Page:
About an hour into The American, George Clooney walks into an empty café where the proprietor is watching the great masterpiece Once Upon A Time In The West. (It’s the scene that introduces Henry Fonda’s bad guy.) If director Anton Corbijn wanted guys like me to use this reference as a cue to compare his work here to that of the almighty Sergio Leone, then I’m happy to oblige.
The American doesn’t quite have the mythic potency of Leone’s work, but it does happily have a couple of key stylistic similarities. For one thing, The American has an interest rare for modern movies in all of the sundry aspects of cinema: sound design, visual style, controlled camera movement and framing, music and score, performance, location, atmosphere, story, character, casting, and so on. For another, this movie is nothing if not deliberate. It takes the time to be worth your time. It’s patient. It’s a movie where we spend an entire scene watching a man put together a gun, for Leone’s sake!
In The American, George Clooney plays a professional loner whose life’s work is confined to the shadows, among dangerous and anonymous people of similar attitudes and focus. When we first see Clooney’s character, he’s in a cottage in Sweden, in the midst of a contemplative moment with a pretty lady. It’s a moment of convincing intimacy, even vulnerability, and it makes what happens next to kick off the movie both entirely predictable and ridiculously surprising.
That’s pretty much the way it is with this movie; it’s not telling you a story you’ve never heard before, but what’s intriguing about it is the method of its telling. The main cast of The American is unusually sparse, and besides Clooney it doesn’t include anyone who you’ve probably even seen before. Still, the movie very quickly makes you subtly anxious over the potential fates of those few people who spend more than a fleeting moment in Clooney’s presence. There’s an elderly priest, a beautiful business contact, and an even more beautiful lady of the night – and at any moment any one of them could fall victim to the sudden outbreaks of violence that punctuate the sanctity of Clooney’s existence. Dialogue is equally sparse; it exists only as a function of character here. People talk only when it’s necessary or interesting, only when it tells you something about these people.
This is the impressive point of comparison of Corbijn’s movie to Leone’s work. Leone knew how to stretch out seemingly-interminable moments of tension with deceptive calm and escalating intensity. In today’s era of hyperactive editing and over-reliance on handheld camerawork, Corbijn goes the other way. A supremely influential rock & roll photographer and music video director who is now on his second feature, Corbijn fills The American with elegant camera compositions, and against all modern trends, actually allows the audience time to look at them. There’s a confidence there, and a willingness to challenge the audience. Ironically, The American is extremely European.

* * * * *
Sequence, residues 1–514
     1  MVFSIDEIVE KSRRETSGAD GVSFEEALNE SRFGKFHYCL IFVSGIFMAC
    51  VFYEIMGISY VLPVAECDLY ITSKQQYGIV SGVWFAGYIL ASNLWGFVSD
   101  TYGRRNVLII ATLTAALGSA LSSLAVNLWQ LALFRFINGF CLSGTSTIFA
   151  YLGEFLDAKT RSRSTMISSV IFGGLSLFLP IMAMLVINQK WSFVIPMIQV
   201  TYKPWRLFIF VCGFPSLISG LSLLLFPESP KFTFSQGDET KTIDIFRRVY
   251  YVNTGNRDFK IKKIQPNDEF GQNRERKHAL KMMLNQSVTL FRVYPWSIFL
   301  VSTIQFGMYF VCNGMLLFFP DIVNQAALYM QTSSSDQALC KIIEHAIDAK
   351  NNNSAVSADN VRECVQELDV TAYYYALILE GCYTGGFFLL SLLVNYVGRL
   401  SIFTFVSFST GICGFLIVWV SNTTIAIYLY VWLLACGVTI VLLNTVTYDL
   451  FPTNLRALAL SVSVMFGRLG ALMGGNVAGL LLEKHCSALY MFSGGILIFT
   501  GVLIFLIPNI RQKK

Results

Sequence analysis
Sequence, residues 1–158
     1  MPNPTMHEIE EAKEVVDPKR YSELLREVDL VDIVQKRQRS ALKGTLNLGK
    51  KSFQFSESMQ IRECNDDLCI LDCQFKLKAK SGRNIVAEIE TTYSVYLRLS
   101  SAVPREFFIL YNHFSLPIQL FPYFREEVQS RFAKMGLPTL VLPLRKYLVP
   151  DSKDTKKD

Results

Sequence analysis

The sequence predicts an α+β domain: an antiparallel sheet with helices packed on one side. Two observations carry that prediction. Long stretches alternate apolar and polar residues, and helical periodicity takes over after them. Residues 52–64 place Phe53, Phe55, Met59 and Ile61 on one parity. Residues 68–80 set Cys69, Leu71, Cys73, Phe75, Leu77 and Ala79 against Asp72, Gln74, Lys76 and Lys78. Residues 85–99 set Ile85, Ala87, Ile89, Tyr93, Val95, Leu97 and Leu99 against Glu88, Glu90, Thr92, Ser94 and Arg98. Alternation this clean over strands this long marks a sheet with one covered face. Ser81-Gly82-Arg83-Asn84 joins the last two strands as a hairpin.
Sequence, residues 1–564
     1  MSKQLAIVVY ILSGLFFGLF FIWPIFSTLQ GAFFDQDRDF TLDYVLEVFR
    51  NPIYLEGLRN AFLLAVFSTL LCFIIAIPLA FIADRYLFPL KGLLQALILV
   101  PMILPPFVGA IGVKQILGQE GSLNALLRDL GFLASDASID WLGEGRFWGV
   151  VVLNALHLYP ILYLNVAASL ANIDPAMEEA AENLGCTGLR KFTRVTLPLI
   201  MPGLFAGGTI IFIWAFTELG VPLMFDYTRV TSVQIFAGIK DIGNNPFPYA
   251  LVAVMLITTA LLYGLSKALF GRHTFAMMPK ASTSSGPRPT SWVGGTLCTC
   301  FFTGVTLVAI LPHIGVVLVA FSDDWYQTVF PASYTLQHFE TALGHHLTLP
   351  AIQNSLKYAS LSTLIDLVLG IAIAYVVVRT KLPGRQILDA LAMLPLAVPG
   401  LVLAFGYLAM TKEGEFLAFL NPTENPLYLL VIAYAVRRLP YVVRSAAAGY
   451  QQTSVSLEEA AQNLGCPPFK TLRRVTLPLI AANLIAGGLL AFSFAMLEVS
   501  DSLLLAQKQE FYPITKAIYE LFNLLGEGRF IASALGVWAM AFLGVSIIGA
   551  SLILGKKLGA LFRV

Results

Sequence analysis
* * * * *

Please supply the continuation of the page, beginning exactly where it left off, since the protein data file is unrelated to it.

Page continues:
That’s not me telling you it’s boring – remember, Leone was European too, and he’s my favorite director of all time. Like Leone, Corbijn fills The American with fascinating-looking faces, not least among them Clooney’s. The most affable and old-school charming of today’s major movie stars, Clooney has never before been this impenetrable and unknowable on screen. It’s his Eastwood performance. You don’t usually know what his character is thinking, but you damn sure keep looking for clues to figure it out. Also, apropos to Corbijn’s previous work, The American is visually beautiful. The lakes and rivers and countrysides in this movie are thoroughly captivating, and there’s a woman in this movie who’s the most eye-keeping thing I’ve seen in a movie since – OK, well, since Kelly Brook in Piranha 3D, but that’s another story.
The American would be worthwhile strictly on a visual basis, is the point I’m making. Happily, there’s more to it than just good looks. The American is mature, sophisticated, and elegant, a movie that expects your attention. It’s a true movie for adults – if you are one, even if only occasionally (like me), then you will probably find this to be a trip worth taking. It’s a smart piece of work, and hopefully an encouraging herald of the fall movie season to come.